Thursday, April 19, 2018
Health

Patients scramble after AARP Medicare Advantage plans drop providers

Citrus County resident George Smith received a disturbing letter this month about his Medicare coverage. The AARP managed care network he had relied on for years will drop all eight of his and his wife's doctors as of Jan. 1.

"I couldn't believe it. I have my house and car and everything insured through AARP,'' said Smith, 73. "I thought, 'They are not going to drop me. I've been a member for years.' ''

Smith and thousands of Tampa Bay residents are caught up in major changes by United­Healthcare, the Minnesota-based insurer that markets Medicare Advantage plans under the AARP brand.

Patients have received letters telling them to seek new physicians if they want to stay on the plan. Doctors — United won't say how many — have learned that AARP plans will stop paying for their services next year.

The changes affect some of the area's larger providers, including St. Luke's Cataract & Laser Institute, Tampa Eye Institute and Moffitt Cancer Center.

More than 50,000 Tampa Bay residents currently belong to AARP Medicare Advantage plans. (AARP Medicare supplement policies, drug plans and UnitedHealthcare commercial plans are unaffected by these changes.)

UnitedHealthcare is shrinking AARP networks and focusing on doctors, hospitals and clinics that will "enhance health plan quality, improve health care outcomes and curb the growth in health care costs,'' spokeswoman Jessica Pappas wrote Monday in an emailed response to the Times. Hospitals and doctors that "demonstrate the highest quality at the greatest value will be rewarded for their efforts.''

Pappas could not say how many doctors will be dropped from the network or how many patients are affected. That analysis "is ongoing,'' she wrote. About 19,200 Florida providers will remain in the network.

Medicare Advantage plans receive a monthly stipend from the federal government to manage members' health needs. The plans create networks of providers and negotiate payment rates. Joining an Advantage plan can be cheaper for patients who remain in network than staying on traditional Medicare. But leaving the network means higher rates.

Some jockeying over networks and payments occurs every fall during open enrollment, which ends Dec. 7.

Last year, when UnitedHealthcare and BayCare Health System haggled over rates, both sides used advertising to plead their case to the public before resolving their dispute. Similar spin control has broken out over the AARP changes.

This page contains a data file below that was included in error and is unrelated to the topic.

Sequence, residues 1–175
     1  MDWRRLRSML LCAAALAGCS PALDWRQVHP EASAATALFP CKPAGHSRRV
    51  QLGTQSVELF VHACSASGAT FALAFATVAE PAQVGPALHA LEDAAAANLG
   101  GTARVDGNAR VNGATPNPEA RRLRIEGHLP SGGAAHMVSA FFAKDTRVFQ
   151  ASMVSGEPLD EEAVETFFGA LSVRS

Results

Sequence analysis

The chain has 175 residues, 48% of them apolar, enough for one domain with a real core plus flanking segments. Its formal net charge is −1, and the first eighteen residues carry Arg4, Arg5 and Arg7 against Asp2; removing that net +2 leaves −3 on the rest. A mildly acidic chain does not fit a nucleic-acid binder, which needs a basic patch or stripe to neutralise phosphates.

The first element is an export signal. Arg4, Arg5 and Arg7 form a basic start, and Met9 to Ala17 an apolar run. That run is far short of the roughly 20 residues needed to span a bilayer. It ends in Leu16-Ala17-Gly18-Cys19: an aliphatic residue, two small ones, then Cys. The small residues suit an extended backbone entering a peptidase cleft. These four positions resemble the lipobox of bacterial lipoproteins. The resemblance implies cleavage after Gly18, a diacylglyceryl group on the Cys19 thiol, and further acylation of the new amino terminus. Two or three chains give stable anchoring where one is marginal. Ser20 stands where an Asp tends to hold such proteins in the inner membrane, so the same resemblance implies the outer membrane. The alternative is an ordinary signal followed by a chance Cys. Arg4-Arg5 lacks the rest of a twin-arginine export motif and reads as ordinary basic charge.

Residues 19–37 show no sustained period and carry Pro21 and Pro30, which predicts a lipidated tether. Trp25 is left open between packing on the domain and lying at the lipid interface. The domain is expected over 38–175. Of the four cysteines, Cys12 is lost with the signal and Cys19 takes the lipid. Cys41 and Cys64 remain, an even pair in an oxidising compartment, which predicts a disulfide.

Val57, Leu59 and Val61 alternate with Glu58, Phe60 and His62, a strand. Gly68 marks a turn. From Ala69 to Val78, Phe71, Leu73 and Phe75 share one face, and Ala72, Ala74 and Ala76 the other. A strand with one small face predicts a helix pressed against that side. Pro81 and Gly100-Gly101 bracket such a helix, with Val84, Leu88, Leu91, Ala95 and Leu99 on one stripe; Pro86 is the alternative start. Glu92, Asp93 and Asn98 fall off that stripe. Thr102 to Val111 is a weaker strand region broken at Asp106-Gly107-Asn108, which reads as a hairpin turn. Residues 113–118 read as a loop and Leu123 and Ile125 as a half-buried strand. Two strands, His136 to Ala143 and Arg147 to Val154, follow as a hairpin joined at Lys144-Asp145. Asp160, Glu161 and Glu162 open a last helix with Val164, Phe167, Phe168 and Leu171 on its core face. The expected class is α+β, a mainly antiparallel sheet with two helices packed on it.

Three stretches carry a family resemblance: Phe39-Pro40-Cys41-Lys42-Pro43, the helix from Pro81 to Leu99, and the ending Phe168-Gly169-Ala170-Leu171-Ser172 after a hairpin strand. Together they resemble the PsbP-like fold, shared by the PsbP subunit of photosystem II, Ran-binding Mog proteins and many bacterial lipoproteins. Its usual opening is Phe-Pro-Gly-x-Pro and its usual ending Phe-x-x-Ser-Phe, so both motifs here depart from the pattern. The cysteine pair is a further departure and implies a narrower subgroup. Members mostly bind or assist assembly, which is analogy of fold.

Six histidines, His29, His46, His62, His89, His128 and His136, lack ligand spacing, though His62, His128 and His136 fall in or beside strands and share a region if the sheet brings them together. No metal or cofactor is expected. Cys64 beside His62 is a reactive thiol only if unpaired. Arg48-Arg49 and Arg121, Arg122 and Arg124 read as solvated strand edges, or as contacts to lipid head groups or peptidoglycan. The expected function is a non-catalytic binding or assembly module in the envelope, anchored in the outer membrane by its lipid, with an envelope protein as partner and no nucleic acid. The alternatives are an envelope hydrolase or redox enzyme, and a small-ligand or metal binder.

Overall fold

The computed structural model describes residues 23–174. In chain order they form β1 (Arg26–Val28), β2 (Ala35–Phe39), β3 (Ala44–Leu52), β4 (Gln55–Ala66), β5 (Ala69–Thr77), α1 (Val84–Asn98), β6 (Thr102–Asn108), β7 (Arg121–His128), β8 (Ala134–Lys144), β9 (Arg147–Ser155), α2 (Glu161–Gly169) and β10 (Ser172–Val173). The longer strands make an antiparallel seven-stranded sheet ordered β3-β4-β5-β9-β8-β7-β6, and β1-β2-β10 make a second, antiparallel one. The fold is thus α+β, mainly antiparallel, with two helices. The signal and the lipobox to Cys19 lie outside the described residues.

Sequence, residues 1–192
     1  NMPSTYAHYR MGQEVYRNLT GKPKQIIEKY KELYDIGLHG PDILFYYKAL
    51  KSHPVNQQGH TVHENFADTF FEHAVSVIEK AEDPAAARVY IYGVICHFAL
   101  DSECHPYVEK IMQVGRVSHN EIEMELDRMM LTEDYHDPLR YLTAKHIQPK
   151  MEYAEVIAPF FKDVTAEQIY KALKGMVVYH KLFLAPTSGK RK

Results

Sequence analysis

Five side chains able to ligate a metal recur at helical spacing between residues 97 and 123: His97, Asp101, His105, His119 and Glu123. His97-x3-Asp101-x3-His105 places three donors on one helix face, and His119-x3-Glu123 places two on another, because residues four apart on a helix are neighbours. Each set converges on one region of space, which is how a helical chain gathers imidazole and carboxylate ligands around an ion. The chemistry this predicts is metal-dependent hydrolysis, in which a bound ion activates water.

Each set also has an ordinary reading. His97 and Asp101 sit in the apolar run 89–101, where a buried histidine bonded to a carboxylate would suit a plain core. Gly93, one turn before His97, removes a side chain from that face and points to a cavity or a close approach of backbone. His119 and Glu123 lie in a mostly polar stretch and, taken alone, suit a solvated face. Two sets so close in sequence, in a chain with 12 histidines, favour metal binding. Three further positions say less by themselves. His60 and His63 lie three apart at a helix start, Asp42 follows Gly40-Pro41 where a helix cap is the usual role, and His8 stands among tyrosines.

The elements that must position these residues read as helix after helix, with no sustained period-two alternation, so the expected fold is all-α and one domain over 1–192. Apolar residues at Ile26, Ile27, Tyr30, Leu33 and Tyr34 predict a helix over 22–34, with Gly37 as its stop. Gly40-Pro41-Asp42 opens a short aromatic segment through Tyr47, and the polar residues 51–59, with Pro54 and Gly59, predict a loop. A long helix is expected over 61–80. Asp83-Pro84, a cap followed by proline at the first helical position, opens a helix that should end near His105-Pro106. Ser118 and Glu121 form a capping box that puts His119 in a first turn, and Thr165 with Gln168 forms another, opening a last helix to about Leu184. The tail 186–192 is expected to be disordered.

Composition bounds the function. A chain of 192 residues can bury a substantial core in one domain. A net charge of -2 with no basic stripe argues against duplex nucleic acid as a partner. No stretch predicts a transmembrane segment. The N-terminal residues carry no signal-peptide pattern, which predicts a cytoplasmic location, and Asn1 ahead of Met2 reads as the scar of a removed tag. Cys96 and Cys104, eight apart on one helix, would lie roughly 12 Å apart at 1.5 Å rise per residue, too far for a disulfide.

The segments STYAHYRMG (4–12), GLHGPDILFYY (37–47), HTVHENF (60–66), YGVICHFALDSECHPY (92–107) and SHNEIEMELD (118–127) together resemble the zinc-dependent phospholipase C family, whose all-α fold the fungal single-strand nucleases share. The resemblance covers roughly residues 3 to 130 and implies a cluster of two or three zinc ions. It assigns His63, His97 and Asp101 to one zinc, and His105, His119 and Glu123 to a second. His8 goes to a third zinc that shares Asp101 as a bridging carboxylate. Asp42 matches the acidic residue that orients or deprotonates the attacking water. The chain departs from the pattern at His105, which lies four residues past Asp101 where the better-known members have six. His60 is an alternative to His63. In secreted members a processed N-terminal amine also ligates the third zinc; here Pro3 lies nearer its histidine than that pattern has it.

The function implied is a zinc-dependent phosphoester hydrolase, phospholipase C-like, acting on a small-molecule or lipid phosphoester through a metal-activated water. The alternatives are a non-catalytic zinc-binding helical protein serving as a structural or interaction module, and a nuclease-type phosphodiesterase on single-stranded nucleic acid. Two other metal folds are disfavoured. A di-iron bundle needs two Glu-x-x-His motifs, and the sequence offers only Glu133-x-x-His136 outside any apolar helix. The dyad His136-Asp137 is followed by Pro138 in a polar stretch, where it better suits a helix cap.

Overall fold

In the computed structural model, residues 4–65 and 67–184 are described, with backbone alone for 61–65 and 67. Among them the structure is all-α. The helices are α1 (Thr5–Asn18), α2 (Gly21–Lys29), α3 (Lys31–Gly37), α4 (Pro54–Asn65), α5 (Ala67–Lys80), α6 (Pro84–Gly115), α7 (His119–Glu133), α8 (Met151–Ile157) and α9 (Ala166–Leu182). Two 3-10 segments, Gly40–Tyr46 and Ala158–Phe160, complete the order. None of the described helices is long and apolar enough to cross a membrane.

"Make sure Moffitt is on your plan,'' read a half-page ad from the Tampa cancer center in Sunday's Tampa Bay Times. Pick the wrong plan and "you will pay higher out-of-network costs for Moffitt's world-class care.''

UnitedHealthcare had a full-page ad Monday: "We will continue to offer broad choice in access to care''

The ad cited "severe funding reductions for Medicare Advantage plans that have come from Washington,'' a theme Pappas repeated in her email.

Actually, the federal government announced this year it is increasing payments to Medicare Advantage plans 3.3 percent, while still pursuing the goal of eventually bringing the cost of Advantage plans down to those of original Medicare.

UnitedHealthcare believes that overall funding won't keep up with the growth in health care costs, Pappas wrote, and shrinking the network will help AARP plans maintain current benefits.

"We regret that these decisions will create disruption for some of our members, but they were necessary,'' she wrote.

Some local doctors said AARP patients are responding to the changes by switching their Medicare Advantage plans to stay with their doctors.

Gastroenterology Associates in Crystal River has 1,600 patients on AARP Medicare Advantage plans, said billing manager Ginnie Hawes. The practice has seven doctors who cover almost all the gastroenterology shifts at Citrus County's two main hospitals.

"Patients were panicking at first. We had so many calls and visits,'' Hawes said. "Now they are just mad and saying that they are changing plans.''

George Smith is one. He has already switched to a BlueCross BlueShield plan.

"These are good, prominent doctors. We have been going to them for years,'' Smith said.

Hawes and others said UnitedHealthcare did not try to negotiate a lower rate.

"They didn't come talk to us at all. They just sent a letter and said they were terminating,'' said Brad Houser, administrator for St. Luke's, based in Tarpon Springs. "The last time we negotiated rates with them was 2009.''

AARP Medicare patients made about 12,000 visits last year to St. Luke's, about 10 percent of its case load. Houser said he checked the plan website and noticed other large practices were also dropped.

"Most of the smaller practices are still in the plan,'' said Houser, who hopes UnitedHealthcare will reconsider.

Pappas wrote that the insurer decided which doctors to drop based on factors such as geography, the size of a doctor's Medicare Advantage case load and "the provider's ability to deliver high quality care for the most members in the most cost efficient manner.''

Last week, UnitedHealthcare announced it was extending its relationship with AARP through 2020. By lending its name, AARP gets a slice of proceeds, which helps to lower dues, said spokesman David Allen.

"While AARP is aware of these changes,'' he wrote in a statement, "we have no direct influence or control over decisions.''

Stephen Nohlgren can be reached at 727-893-8442 or [email protected]

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